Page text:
Someday my kids will grow up.
Sometimes a day seems to last a month, and sometimes a month flies by like the snap of my fingers. But someday, someday, they will grow up. They will leave our house and go off to make their own lives. They’ll go to college and choose their paths. They will date people, maybe marry people, and maybe have children of their own. They will buy their own furniture, pay their own utility bills, and drive their own cars. They will get grown-up jobs, have grown-up 401Ks, and grown-up mortgages.
Right now while they are small and days are tough, despite my insistence that I’m a good mother, I have fantasies in which they are older and everyone knows how to potty and have reasonable discussions and cleans up. I also know that someday I will long for these days again, when they needed me, when my kisses made everything better, when they needed advice, or for me to read them a book, or wanted a shoulder to cry on.
I hope my kids will look back and remember these days fondly. Here are 10 things I hope my children will say about their childhood.
- We had fun at home. Yes, we watch TV, but we also play board games and cards, we sit around the dinner table almost every night, and the kids play with each other. Decent, right?
- We had fun vacations. We work hard to find good places to take our kids to unwind, and I hope they remember the treks to the beach or lake or mountains, the crazy car topper hooked atop my SUV that I once ran into the garage, our golden retriever ever-present in the back seat with them.
- We love our extended family. We have an amazing extended family on all sides, and even though we are far away from them, I want our kids to know them personally, not just their pictures on our walls. So we drive, we FaceTime, we put letters and packages in the mail, and we try to make sure our kids really know their family.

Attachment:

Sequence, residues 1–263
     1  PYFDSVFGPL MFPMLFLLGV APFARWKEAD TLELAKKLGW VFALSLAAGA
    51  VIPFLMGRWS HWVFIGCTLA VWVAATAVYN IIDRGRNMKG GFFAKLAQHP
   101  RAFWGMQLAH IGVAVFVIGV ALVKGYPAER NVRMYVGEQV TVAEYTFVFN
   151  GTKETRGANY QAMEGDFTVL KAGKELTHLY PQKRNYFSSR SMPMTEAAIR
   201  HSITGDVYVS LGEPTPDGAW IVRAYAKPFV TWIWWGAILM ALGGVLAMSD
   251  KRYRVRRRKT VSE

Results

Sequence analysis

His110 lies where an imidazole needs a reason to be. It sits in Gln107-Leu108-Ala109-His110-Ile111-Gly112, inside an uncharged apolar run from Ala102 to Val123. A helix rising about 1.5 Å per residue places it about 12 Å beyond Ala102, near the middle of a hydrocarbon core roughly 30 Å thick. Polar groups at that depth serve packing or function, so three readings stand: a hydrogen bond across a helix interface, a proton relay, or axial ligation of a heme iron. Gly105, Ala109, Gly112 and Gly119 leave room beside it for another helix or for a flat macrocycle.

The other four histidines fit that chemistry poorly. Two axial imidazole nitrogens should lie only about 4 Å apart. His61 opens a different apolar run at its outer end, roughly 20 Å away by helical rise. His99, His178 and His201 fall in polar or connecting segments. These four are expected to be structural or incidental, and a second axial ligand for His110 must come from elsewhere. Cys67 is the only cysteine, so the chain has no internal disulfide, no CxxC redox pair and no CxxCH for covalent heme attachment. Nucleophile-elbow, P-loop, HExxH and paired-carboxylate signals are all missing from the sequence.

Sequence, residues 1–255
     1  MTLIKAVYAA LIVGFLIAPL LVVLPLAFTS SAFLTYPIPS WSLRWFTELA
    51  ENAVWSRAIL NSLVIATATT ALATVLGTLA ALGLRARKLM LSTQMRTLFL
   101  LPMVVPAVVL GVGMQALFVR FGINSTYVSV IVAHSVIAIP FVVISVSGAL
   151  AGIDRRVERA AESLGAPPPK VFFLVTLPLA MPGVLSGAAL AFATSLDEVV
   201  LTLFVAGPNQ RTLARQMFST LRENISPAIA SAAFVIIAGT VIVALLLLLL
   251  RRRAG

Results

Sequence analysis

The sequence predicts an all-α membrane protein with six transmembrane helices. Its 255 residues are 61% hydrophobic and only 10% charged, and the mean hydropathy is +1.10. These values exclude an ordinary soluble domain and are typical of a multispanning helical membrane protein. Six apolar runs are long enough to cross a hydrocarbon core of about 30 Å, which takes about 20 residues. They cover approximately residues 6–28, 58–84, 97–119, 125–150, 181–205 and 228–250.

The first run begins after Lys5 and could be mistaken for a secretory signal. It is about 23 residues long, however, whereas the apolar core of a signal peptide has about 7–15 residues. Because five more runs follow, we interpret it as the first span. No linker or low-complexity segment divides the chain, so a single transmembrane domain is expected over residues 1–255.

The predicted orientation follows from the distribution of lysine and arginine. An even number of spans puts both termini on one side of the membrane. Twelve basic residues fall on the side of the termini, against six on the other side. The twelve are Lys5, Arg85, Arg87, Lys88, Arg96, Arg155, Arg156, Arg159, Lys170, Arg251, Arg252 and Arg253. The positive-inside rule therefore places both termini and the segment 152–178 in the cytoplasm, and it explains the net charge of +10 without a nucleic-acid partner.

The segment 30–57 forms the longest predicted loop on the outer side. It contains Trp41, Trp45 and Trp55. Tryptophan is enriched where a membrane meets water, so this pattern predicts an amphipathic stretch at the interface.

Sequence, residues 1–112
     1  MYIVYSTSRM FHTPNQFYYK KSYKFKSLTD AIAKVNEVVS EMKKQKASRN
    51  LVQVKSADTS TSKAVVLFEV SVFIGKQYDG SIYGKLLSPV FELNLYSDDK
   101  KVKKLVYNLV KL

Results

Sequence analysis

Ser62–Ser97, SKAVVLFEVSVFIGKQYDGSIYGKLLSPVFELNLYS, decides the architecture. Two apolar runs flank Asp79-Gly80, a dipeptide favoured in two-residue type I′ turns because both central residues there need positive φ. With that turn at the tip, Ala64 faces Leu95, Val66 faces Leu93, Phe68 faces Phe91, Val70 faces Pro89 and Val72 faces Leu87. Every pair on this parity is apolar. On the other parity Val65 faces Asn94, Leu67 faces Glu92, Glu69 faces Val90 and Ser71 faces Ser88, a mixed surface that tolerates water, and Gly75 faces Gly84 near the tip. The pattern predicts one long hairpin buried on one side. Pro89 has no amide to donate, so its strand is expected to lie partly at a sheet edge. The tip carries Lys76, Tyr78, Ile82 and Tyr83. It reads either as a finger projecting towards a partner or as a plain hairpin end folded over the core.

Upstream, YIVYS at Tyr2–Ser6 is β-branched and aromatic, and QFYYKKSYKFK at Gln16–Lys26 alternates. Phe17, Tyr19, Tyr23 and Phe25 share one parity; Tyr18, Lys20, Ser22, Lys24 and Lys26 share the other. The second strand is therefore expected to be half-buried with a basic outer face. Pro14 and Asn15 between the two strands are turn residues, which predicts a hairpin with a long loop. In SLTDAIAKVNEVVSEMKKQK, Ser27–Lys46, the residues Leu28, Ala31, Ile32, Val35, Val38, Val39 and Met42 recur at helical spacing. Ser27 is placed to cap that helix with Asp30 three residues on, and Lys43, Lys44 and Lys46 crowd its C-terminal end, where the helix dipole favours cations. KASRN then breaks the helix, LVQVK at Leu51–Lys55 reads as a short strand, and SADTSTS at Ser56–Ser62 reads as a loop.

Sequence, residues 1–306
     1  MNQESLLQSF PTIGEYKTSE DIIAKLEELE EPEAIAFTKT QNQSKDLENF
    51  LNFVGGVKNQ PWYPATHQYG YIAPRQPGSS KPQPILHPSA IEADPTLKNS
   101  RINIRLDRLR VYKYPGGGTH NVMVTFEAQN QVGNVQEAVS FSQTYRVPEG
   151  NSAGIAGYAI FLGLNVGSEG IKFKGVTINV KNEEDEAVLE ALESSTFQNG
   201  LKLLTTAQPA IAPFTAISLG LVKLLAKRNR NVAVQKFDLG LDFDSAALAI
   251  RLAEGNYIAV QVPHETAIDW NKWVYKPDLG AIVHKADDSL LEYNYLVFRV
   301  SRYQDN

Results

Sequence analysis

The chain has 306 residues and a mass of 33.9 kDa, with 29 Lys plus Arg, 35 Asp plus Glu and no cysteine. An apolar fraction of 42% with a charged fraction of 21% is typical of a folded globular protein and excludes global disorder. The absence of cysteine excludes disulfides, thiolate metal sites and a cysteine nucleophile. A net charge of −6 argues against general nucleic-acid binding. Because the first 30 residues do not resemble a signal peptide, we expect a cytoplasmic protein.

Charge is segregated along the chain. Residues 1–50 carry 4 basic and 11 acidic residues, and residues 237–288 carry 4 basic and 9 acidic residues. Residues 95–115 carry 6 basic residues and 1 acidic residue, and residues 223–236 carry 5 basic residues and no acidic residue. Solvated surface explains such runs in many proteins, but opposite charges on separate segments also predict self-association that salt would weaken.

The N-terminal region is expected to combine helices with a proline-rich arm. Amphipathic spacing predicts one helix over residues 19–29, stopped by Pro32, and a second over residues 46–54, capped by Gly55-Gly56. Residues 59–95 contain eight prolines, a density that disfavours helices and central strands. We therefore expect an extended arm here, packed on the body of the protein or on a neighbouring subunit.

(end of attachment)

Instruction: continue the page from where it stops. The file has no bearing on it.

- Our pets made our lives better. We have a dog and a cat. More specifically, we have a calico cat Georgia who was our spoiled first child and who has since weathered the birth of three children and a dog adoption. We have Lexi, a golden retriever who I once thought would be like Nana from Peter Pan but is more like having another kid. And our kids adore them. They take turns feeding them, brushing them, and even giving them baths.
- Our parents instilled good values in us. We want our kids to be honest and kind. We want them to work hard in school, contribute at home, and be productive members of society one day. We’re trying here, and I think I’m succeeding. Read that story here.
- Our parents were fair. I should add “referee” to my resume because on most days, I feel like a black and white striped jersey with a whistle might be a step up. But, I refuse to raise terrorists. When they do or say something wrong, I want to correct them, and I want them to consider their actions, the consequences, the think-before-you-act mentality, the I’m-grounded-but-I-deserved-it mentality. I hope they believe we were fair to them.
- We had everything we needed, and some of what we wanted. Nope, we will not be spoiling the terrorists.
- We learned the value of hard work. The kids have chores now, and when they can, our plan is for them to have jobs and earn some of their own money. It’s so much harder to spend money when you think how many burgers they flipped for it or how many hours they babysat.
- We value our education. As a former teacher and big fan of education in all its forms, I’ll be making sure my kids know how lucky they are. I don’t think we’ll be drill sergeants about grades, but our kids are smart and we want them to have choices about their education: where they’ll go, what they’ll study.
- We had a great childhood. I’m not saying they need to break into a Mary Poppins show tune, but I hope they will look back on growing up and be thankful.
It’s a tall order, but it’s the goal, one we work for each and every day (even if we’re not so good at it some days). How do I know what we hope they’ll say? My husband and I can say these things about our own childhood.
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